Des Kelly: Federer’s a winner for taking defeat like a man, my son

Last updated at 9:57 PM on 07th July 2008

For as long as I can remember people have been talking about moral victories. At Wimbledon, we finally saw one.

When their epic struggle ended late into the night, the real story of the contest was not about how an irresistible Rafa Nadal had finally usurped and stolen his Wimbledon throne.

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Roger Federer

Gracious: Roger Federer showed us how to lose with dignity and poise

It was not about records, or points, service speeds or rankings. It was not about television viewing figures or prize money, although all the numbers were undeniably impressive.

The lasting significance of the men's final was that it provided us a reminder of what sportsmanship, in the truest sense of the word, really looked like.

And in that context, nobody would dare consider Roger Federer a loser.

Amid the most excruciatingly painful setback of his illustrious career, and even as the young tyro who had humiliated him at the French Open was busy scooping up the golden Wimbledon trophy he had regarded as his own, Federer somehow stood in the strobe-like explosions of the flashbulbs and maintained his dignity and his poise.

He pulled a tight-lipped smile as he posed with the runners-up plate and graciously paid tribute to his victorious rival without a hint of a choke.

The cameras zoomed in, ready to catch a quiver of the lip, or a quisling tear escaping down his cheek in self pity, but it never happened.

Federer remained immaculate in his jaw-jutting composure. He was a Rudyard Kipling poem in tennis shoes.

He met triumph and disaster and treated the two imposters just the same. He was a man, my son.

His tears of regret, anger and disappointment were saved for the sanctity of the dressing room and a private release. There was none of the sobbing and snivelling on the grass that now distinguishes the aftermath of every significant football match. Federer was a champion, even in defeat.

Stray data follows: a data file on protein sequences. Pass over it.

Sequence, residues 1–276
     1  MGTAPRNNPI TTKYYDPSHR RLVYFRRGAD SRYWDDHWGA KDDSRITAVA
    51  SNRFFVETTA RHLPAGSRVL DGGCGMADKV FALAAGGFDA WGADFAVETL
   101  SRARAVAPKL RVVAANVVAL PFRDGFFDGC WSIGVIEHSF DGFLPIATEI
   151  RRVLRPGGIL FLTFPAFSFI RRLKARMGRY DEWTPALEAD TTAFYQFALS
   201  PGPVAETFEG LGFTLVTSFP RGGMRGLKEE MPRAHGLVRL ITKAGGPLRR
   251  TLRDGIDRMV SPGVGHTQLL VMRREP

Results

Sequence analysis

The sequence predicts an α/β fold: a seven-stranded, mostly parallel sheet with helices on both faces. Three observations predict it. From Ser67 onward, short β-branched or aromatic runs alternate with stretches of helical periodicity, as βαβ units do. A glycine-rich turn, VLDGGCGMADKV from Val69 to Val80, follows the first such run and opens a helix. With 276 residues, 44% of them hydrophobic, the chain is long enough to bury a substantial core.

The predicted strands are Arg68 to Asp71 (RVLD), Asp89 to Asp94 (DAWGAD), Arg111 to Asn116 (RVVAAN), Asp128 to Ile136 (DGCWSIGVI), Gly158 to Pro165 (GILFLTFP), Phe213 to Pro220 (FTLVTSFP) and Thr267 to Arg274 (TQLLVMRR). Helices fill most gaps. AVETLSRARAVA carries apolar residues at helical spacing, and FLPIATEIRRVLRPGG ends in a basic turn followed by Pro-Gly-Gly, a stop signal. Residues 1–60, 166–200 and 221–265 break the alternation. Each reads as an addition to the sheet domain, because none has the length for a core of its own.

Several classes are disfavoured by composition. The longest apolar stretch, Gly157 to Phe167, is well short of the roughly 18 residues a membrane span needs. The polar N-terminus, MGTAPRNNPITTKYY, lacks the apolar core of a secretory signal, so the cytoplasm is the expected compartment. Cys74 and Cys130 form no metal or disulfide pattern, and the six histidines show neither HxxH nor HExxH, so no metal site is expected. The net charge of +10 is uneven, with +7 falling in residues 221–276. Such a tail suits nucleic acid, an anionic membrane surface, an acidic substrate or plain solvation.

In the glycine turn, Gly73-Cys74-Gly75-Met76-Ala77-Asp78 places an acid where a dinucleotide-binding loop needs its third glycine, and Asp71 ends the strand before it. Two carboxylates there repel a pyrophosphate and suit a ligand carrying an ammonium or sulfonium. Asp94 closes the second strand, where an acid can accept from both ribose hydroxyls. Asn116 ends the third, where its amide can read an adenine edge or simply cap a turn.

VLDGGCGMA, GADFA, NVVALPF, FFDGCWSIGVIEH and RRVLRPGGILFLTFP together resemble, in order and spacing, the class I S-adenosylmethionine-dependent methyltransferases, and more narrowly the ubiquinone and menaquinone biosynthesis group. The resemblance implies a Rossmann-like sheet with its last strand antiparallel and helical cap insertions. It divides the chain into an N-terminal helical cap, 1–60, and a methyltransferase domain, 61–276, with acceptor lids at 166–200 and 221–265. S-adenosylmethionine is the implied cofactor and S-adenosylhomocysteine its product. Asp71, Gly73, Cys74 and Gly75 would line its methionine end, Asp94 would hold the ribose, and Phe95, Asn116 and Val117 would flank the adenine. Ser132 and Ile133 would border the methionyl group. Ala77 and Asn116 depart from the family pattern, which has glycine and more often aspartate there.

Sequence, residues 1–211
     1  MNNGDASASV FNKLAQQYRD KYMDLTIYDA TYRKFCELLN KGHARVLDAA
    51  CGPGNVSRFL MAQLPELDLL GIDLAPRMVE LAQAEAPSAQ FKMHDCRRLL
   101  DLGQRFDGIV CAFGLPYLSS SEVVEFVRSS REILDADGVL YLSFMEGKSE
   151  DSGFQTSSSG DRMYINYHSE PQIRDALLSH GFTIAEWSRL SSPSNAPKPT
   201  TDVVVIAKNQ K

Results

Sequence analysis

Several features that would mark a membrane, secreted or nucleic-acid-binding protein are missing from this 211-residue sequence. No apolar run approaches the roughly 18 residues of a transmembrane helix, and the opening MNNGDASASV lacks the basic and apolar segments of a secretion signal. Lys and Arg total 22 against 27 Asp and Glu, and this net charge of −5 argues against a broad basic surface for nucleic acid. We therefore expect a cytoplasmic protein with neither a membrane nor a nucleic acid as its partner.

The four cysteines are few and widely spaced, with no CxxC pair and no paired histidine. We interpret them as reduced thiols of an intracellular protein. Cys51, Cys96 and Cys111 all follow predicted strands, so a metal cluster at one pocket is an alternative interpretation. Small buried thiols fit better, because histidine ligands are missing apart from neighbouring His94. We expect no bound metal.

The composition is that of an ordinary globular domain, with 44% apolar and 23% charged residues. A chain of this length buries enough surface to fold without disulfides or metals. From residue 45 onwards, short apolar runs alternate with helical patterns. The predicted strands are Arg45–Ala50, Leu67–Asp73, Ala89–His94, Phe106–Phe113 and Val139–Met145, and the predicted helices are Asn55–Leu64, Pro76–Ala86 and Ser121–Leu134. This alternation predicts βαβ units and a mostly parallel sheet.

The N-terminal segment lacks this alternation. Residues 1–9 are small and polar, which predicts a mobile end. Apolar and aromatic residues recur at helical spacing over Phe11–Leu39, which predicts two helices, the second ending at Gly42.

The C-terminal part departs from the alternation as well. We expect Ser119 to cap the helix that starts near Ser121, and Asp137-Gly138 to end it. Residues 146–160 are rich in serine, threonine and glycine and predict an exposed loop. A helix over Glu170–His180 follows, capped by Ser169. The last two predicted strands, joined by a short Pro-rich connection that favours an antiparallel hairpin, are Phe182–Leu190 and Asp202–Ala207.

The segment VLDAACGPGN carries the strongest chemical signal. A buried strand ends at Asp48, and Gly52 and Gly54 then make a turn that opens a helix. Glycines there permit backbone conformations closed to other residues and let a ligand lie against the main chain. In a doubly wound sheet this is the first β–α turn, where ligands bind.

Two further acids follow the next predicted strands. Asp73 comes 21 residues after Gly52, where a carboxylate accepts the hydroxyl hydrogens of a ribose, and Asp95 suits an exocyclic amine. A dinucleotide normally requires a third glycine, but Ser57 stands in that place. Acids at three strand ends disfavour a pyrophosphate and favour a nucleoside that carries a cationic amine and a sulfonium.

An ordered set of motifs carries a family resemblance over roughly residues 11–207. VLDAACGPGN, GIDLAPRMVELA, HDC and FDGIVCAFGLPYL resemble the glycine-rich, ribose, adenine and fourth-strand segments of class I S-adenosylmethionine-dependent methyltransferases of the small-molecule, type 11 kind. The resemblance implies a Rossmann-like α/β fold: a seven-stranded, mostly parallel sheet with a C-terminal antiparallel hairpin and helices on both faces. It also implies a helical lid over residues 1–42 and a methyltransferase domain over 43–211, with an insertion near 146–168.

Nadal's behaviour was equally superb. He celebrated with respect; and in his finest hour remained disarmingly humble, capping a sporting contest that lived up to every expectation of excellence, both on and off the field of conflict.

Team sports have their magnanimous moments; when Bobby Moore and Pele embraced at the 1970 World Cup, or when Andrew Flintoff stooped to console Brett Lee at the end of an thrilling second Ashes Test linger in the memory.

But tennis at its finest provides us with one of the few opportunities to see sportsmen and women pitted one against one in a gladiatorial contest. There is no hiding place, no team to help cloak your failings with anonymity. It is an examination of character. It is boxing without the blows and gore.

And both Federer and Nadal passed their test with distinction, proving what tremendous ambassadors they are for their profession.

Naturally, people were scrambling to anoint it the best final ever. It is a close call, but for me that accolade still resides with the Bjorn Borg v John McEnroe duel of 1980, with its 22-minute tie-break, contrasting styles and incredible array of shots that stretched the boundaries of geometry.

Today's tennis is undeniably faster and more powerful, but the subtlety and guile of that lost era remains unsurpassed.

One illuminating piece of computer graphic analysis from the BBC team demonstrated how Wimbledon's grass had become more like a hard court surface in recent years, slowing the ball slightly and improving the height of the bounce, factors that had allowed the baseliner Nadal to flourish a little more easily in SW19 than he might have done in the past without a volley in his armoury.

But it could sound unsporting to dwell on it here, so let us recognise instead the achievement of both men and remember a victory that was honest, virtuous and decent; a moral for our times, no less, with two winners and two champions.

Why joke is wearing thin for Andy

Let me return to the topic of and this whole anti-English argument for what I truly hope is the last time - although I doubt it.

Some of the nonsensical criticism Britain's No 1 has received is laced with such misplaced venom and outrage that it makes me despair.

So, for the hard of thinking, let me state here that: I did the interview with Andy Murray and Tim Henman a couple of years back where Murray talked about 'supporting whoever England were playing against'.

It was a clearly a sarcastic remark. He was responding to teasing from your columnist about Scotland's absence from the 2006 World Cup and derisive laughter from the mischievous Henman.

It was reported in that context in this newspaper at the time and the exchange was run as a transcript.